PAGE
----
Chromatography is the general name given to the methods by which two or more compounds in a mixture are physically separated by distributing between two phases: a stationary phase which can be a solid or liquid supported on a solid and a mobile phase, either a gas or a liquid which flows continuously around the stationary phase.
The separation of the individual components results from the relative difference in affinity for the stationary phase.
Gas chromatography (GC) and High Performance Liquid Chromatography (HPLC) are both separation techniques.
HPLC uses a liquid mobile phase, these are generally mixtures of solvents of compatible polarities. Commonly for reversed phase chromatography this is a combination of water and either acetonitrile or methanol.
In gas chromatography the mobile phase is a single high purity gas either helium, hydrogen or nitrogen
HPLC separations are mostly carried out at ambient temperatures whereas GC separations are carried out at elevated temperatures as the analyte needs to be in gaseous form.
Nature of compounds
GC separations are mainly carried out on compounds ranging in molecular weights up to a few hundred. Such compounds separate on differences in their volatilities as well as interactions with the column stationary phase and remain stable at high temperatures. On the other hand, compounds separated on HPLC have higher molecular weights ranging from a few hundred to several million for large polymers and biomolecules. Such compounds can be analysed at room temperature up to around 80C only because at elevated temperatures they tend to degrade.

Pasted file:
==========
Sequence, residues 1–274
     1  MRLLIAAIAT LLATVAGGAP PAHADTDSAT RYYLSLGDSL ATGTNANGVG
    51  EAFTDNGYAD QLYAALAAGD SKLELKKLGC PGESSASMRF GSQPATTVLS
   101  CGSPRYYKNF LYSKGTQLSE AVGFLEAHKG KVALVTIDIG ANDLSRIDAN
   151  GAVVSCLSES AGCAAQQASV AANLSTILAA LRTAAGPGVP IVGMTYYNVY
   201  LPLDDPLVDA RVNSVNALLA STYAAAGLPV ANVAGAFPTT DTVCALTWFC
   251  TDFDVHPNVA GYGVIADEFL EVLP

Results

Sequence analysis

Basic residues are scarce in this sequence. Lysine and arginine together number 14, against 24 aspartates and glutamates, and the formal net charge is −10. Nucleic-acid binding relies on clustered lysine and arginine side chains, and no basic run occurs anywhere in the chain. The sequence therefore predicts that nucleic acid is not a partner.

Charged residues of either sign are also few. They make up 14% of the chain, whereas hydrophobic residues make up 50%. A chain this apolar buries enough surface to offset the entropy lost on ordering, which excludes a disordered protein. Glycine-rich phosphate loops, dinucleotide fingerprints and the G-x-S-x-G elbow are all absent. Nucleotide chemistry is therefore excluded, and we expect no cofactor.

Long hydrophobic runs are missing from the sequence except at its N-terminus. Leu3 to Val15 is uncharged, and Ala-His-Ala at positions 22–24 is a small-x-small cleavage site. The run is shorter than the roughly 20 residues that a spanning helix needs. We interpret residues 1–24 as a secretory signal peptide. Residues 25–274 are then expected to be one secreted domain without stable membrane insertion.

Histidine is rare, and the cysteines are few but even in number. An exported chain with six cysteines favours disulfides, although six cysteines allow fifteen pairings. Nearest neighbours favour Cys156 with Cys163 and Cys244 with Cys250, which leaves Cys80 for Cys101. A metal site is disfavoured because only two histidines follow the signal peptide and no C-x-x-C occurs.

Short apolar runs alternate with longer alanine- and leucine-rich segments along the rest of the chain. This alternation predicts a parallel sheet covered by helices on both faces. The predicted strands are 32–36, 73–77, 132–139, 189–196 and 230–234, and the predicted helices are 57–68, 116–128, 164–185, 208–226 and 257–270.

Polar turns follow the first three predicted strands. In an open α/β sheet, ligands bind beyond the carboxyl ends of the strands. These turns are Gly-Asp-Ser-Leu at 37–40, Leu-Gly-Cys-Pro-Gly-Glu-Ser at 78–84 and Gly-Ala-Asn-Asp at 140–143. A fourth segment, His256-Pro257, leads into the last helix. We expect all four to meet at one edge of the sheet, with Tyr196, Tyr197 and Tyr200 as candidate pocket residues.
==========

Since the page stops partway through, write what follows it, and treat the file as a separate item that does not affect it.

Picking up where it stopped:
Liquids used as carrier in HPLC generally have higher viscosity in comparison to gases used in GC, this results in increased column back pressures in HPLC. It is for this reason that HPLC columns are much shorter and have wider diameters in comparison to GC columns which are much longer and narrower – typically HPLC columns range in length from 50mm to 250mm and internal diameters of 2.0mm to 4.6mm versus 15m to 100m and 0.25mm to 0.53mm respectively for GC. Increased column length improves resolution between closely spaced peaks. As the trend is towards faster analysis, columns for HPLC are now as short as 10 mm in length.
Column packings offer greater resistance to flow of liquids in comparison to gases. Gases also have a higher permeability within solid supports compared to liquids. The retention mode of HPLC columns depends on polarity differences or molecular sizes whereas GC separations are based on differences in volatilities of compounds.
HPLC detection is commonly based on non-destructive detection such as Ultra Violet (UV) or Refractive Index (RI) (Evaporative Light Scattering Detector (ELSD) is an exception to this). On the other hand GC detection is based largely on destructive principles such as Flame ionisation detection (where the sample is burnt). Mass spectrometry detectors common to both LC and GC are destructive in nature.
- Compounds of interest must be extracted out of the samples and into solution.
- Extracted samples must be free from particulates and precipitates.
- Ideal solvents for GC methods are volatile solvents such as hexane, diethyl ether or dichloromethane.
- For HPLC methods more polar solvents such as water and water mixtures, methanol and acetonitrile may be used.
In general, for GC substances that vaporize below 300 °C (and therefore are stable up to that temperature) can be measured quantitatively. The samples are also required to be salt-free; they should not contain ions. Very minute amounts of a substance can be measured, but it is often required that the sample must be measured in comparison to a sample containing the pure, suspected substance known as a reference standard.